As with everything else in life, climate change is beginning to affect how apple trees grow, so we need to choose trees that can cope with our Scottish weather, bearing in mind that weather patterns are increasingly unpredictable. Although we’re enduring some extreme conditions they’re much less severe than elsewhere.
Many of us, including me, complained about the frost damage to apple blossom this spring, leading to reduced yield. Some of my trees, like Tower of Glamis and White Melrose, got a pasting. 
But this was nothing compared to the devastating drought endured by Spanish growers. With the accompanying water shortage, some Catalans came close to stripping their trees and losing their entire harvest to protect the long-term future of the trees. Luckily the rains came in time. 
These problems are leading to the need for new varieties that can handle temperatures in excess of 40℃. And over the lifetime of an apple tree – 80-140 years – things could get a lot worse, probably significantly worse than for us.
Unfortunately, traditional apple breeding takes 20 to 25 years of research to find, select, grow and ratify a new variety. A breeder might be lucky to produce one new variety in a lifetime. But luckily we are at the beginning of a new phase of plant breeding through gene editing. This process entails manipulating the individual parts, or nucleotides, of a plant’s genome and unlike genetic modification, it does not involve introducing one or more nucleotides from a different species.
A strand of apple DNA comprises 750 million nucleotides or letters. It’s estimated that 25 million of these nucleotides can significantly alter an apple’s taste, appearance and growth when one or more of these letters are moved to a different position within the genome.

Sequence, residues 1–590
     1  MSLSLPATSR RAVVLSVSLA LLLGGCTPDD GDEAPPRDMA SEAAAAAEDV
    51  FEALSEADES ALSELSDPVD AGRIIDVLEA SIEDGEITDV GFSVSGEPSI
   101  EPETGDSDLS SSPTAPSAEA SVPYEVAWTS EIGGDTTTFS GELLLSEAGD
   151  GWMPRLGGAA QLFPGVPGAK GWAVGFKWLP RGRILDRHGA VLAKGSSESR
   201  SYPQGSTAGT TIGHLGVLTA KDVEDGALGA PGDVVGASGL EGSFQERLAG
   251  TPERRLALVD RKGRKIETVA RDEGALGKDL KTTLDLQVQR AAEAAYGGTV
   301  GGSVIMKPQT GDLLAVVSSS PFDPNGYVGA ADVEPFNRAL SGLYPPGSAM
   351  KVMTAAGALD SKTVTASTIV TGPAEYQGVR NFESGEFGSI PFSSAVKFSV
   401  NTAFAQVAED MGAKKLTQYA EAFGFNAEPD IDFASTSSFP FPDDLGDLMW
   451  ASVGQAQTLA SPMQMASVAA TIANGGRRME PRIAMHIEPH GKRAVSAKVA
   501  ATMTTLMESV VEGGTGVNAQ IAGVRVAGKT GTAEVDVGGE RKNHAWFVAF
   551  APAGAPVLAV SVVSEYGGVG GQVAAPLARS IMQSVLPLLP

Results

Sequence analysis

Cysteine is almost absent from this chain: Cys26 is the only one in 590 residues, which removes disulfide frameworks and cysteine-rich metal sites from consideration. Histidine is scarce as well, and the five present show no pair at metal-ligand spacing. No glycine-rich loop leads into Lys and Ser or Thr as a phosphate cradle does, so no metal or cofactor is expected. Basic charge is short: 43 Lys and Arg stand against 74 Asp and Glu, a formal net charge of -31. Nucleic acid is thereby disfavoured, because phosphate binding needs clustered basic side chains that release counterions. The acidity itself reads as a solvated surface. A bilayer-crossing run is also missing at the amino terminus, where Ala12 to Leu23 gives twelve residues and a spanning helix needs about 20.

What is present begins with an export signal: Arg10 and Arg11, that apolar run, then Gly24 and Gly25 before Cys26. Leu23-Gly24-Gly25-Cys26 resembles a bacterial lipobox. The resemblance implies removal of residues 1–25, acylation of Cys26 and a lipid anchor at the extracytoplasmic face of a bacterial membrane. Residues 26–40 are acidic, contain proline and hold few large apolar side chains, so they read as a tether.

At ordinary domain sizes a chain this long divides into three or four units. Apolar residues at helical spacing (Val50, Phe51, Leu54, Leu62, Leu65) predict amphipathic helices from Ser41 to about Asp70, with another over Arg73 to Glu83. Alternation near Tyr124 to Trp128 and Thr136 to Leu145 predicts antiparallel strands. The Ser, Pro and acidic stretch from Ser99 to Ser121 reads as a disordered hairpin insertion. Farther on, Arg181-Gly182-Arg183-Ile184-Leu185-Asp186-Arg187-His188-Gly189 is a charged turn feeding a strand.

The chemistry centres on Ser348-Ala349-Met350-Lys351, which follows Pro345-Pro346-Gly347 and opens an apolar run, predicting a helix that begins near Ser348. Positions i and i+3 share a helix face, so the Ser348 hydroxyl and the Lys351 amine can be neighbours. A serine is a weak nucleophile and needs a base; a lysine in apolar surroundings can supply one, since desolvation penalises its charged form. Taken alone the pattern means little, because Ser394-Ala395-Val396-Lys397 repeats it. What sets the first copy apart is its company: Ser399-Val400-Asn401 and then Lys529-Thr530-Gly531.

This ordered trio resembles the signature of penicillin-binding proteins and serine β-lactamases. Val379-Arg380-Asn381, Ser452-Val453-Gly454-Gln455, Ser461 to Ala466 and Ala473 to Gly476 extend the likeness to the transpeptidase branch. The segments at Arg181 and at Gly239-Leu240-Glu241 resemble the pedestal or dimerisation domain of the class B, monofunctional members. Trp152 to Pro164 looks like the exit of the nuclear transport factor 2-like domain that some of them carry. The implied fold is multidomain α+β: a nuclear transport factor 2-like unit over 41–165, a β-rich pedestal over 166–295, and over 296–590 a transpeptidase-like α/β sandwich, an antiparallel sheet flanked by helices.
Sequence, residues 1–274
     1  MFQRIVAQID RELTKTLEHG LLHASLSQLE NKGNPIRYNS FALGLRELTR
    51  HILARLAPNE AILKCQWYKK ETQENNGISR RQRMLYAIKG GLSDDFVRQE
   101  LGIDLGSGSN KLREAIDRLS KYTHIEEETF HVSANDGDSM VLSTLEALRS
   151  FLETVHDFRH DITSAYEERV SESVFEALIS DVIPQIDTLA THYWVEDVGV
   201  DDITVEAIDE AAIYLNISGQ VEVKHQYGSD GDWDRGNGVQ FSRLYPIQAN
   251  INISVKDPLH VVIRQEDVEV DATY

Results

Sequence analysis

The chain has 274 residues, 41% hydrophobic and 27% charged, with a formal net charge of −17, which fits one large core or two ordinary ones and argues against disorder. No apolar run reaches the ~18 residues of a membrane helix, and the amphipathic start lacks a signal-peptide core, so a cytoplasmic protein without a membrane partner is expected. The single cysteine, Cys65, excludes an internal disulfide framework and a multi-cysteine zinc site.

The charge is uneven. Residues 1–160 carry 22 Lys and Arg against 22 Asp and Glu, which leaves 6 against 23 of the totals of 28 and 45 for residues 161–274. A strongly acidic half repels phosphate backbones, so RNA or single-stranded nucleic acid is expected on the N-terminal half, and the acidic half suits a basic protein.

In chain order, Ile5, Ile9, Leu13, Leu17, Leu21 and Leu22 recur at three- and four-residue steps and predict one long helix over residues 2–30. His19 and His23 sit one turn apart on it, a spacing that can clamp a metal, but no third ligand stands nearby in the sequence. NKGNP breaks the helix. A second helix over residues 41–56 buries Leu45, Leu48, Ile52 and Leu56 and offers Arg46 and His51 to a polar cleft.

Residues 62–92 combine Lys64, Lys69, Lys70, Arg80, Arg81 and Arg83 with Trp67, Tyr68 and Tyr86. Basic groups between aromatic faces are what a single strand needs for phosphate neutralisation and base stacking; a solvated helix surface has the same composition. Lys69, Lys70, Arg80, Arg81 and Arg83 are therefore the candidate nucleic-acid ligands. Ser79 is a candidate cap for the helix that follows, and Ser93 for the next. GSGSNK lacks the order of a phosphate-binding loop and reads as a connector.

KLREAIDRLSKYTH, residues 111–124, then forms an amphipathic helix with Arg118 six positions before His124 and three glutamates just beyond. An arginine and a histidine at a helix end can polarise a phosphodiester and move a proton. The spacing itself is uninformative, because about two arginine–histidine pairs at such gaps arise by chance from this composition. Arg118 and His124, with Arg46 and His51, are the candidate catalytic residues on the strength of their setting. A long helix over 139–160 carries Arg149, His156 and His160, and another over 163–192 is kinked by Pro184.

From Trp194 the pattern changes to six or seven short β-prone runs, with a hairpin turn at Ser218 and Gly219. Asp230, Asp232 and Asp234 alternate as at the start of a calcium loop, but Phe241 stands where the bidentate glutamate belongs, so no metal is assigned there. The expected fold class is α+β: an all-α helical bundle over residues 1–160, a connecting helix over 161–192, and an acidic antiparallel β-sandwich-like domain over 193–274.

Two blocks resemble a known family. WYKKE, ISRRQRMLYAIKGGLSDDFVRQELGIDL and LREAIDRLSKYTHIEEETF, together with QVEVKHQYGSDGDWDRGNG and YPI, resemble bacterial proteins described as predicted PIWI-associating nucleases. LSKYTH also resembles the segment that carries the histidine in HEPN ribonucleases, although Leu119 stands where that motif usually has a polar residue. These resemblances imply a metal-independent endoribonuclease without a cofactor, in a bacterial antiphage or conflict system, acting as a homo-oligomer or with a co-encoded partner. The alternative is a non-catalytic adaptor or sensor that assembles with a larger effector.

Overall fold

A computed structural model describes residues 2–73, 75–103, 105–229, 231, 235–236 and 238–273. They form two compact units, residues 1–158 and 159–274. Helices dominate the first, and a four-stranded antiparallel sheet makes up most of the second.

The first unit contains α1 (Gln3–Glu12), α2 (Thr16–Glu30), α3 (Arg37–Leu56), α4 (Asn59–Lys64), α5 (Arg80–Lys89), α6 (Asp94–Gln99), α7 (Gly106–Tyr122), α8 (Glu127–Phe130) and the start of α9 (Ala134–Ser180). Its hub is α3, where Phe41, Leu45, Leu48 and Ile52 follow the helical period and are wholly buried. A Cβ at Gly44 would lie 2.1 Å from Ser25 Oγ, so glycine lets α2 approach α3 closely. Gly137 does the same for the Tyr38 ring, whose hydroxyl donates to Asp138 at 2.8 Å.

An agricultural research centre in Bern, Switzerland, has been pioneering work in this field. By studying 500 different apple varieties, the researchers could identify nucleotides that affect the key parts of a variety’s citrate, fructose and sucrose and, therefore, an apple’s flavour. 
Genetic editing is in its infancy, but we can hope this process will give us varieties resilient to the weather changes we are beginning to endure.
In the meantime the best option is to select varieties that work well in Scotland just now. Undoubtedly Andrew Lear, the apple tree man, based at Blackhaugh Farm in Spittalfield, Perthshire, is best placed to give advice ( 
His wide selection of trees suitable for this country include Scottish heirloom varieties such as Arbroath Oslin and Lass o’ Gowrie. 
And who could resist Bloody Ploughman? The tree reputedly grew from a seedling that had emerged from the bones of a ploughman shot while scrumping apples at Megginch Castle, Perthshire. The apples’ dark red skins tell it all.


Plant of the week

Common jelly ear, Auricularia auricula-judae, is a species of jelly fungus, so not a plant, that grows on a variety of deciduous trees and shrubs in damp places. The fruiting bodies that we see are browny pink and ear-shaped and look gelatinous especially after rain. In fact they may shrivel up in dry weather and then rehydrate after a shower.